LOAD: Relationships between Workload, Heart Rate Variability, and Performance in a Recreational Endurance Runner
This is a case study of a single recreational runner, but it provides some useful insights in various training load measurements. The authors recommend that:
The current results confirm the practicality of concurrent HRV and sRPE monitoring in recreational runners, with the RMSSD:RR ratio indicative of specific adaptations.
Excessive training volume may be associated to both elevated monotony and reduced RMSSD:RR.
Identification of mesocycle patterns is recommended for better individualization of the periodization used.
PRACTICAL TAKEAWAY - HRV and RPE can be effectively used together to help monitor training load.
CHO: Metabolic, hormonal and performance effects of isomaltulose ingestion before prolonged aerobic exercise
In this study the authors set out to test a low-GI carbohydrate. Their goals were to investigate "the effects of isomaltulose ingestion compared to glucose and maltodextrin on fat and carbohydrate oxidation rates, blood glucose levels and serum hormone concentrations of insulin and glucose-dependent insulinotropic polypeptide (GIP)".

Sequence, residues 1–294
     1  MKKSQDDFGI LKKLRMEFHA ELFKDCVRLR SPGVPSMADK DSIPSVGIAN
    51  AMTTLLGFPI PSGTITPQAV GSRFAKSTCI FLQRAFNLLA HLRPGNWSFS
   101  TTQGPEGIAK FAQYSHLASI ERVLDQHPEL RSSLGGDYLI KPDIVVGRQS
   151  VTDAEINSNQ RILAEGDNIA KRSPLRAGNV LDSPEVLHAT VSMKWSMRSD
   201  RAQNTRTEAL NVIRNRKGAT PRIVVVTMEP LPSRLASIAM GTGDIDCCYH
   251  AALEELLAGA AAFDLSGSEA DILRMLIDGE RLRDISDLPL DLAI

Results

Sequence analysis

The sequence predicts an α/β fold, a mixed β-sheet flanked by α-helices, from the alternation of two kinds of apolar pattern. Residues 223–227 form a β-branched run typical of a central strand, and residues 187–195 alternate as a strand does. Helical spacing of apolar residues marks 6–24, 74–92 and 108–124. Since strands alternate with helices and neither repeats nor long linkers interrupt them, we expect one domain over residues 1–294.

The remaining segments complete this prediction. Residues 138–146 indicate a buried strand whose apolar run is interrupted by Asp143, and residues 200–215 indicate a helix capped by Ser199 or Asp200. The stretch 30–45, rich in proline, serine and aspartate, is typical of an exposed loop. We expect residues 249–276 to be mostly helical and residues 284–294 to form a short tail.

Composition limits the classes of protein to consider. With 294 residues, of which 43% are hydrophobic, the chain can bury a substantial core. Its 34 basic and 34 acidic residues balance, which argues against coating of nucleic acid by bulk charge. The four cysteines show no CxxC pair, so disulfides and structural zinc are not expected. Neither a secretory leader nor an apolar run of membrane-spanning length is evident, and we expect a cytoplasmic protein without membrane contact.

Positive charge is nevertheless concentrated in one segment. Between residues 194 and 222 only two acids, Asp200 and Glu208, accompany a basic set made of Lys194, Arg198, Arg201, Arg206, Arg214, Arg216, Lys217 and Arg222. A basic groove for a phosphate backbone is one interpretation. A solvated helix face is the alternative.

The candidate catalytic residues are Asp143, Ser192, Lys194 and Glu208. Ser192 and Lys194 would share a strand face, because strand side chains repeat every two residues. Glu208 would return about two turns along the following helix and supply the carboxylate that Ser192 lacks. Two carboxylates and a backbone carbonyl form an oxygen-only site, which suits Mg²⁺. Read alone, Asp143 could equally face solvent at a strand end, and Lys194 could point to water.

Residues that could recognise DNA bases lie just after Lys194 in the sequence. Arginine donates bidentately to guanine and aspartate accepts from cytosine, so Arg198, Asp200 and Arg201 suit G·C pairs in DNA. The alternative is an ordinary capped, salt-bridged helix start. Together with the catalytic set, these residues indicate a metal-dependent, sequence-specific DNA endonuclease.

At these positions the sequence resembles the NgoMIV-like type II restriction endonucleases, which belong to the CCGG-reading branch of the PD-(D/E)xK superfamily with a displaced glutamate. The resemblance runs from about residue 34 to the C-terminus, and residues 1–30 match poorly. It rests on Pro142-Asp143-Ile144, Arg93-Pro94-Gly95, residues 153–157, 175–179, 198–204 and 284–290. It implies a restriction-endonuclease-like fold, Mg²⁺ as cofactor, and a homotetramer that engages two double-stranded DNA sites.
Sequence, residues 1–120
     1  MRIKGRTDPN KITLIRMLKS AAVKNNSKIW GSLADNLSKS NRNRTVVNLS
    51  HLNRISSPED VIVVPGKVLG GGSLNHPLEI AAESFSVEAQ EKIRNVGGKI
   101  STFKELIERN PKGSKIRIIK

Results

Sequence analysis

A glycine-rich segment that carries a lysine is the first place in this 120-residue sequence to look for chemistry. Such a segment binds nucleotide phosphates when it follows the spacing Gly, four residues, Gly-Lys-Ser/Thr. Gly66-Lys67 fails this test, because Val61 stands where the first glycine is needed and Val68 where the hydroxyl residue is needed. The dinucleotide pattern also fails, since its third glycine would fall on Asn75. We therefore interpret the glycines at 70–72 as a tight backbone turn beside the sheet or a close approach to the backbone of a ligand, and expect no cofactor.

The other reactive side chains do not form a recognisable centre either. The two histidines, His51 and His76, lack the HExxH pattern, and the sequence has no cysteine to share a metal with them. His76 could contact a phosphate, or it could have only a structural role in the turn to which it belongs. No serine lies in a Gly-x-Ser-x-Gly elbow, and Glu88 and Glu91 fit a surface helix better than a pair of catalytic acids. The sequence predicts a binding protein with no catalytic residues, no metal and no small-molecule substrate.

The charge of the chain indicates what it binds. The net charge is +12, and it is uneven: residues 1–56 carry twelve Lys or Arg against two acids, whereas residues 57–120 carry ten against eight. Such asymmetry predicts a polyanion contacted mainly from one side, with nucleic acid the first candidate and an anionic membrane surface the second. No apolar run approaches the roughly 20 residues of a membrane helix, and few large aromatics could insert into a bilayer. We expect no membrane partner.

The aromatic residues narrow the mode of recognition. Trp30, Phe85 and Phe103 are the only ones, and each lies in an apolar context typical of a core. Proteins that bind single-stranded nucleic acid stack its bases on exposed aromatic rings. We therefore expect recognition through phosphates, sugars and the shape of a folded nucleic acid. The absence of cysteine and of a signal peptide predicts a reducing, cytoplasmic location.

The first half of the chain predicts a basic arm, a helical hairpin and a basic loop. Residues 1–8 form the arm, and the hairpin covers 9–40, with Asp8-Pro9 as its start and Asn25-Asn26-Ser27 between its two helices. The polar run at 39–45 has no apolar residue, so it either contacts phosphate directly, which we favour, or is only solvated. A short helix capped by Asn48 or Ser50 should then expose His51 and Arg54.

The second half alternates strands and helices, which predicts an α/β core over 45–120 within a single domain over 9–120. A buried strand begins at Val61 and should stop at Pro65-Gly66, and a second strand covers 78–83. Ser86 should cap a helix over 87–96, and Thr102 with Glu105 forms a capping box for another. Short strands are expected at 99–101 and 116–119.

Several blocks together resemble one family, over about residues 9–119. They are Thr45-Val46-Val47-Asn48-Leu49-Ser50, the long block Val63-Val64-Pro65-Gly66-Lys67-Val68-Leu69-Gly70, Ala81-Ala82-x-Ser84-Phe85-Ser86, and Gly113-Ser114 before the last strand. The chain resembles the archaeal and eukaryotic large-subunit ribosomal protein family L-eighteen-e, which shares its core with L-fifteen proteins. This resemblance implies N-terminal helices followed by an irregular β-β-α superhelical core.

The results showed that:
Isomaltulose ingestion led to lower baseline postprandial concentrations of glucose, insulin and GIP compared to maltodextrin and glucose.
Consequently, blood glucose fluctuations were lower during treadmill running after isomaltulose ingestion, while no between-condition differences were observed for CHO and fat oxidation rates, treadmill running performance and gastrointestinal discomfort.
PRACTICAL TAKEAWAY - the use of a lower-GI carbohydrate like isomaltulose may be beneficial for health while not impacting performance compared to glucose and maltodextrin.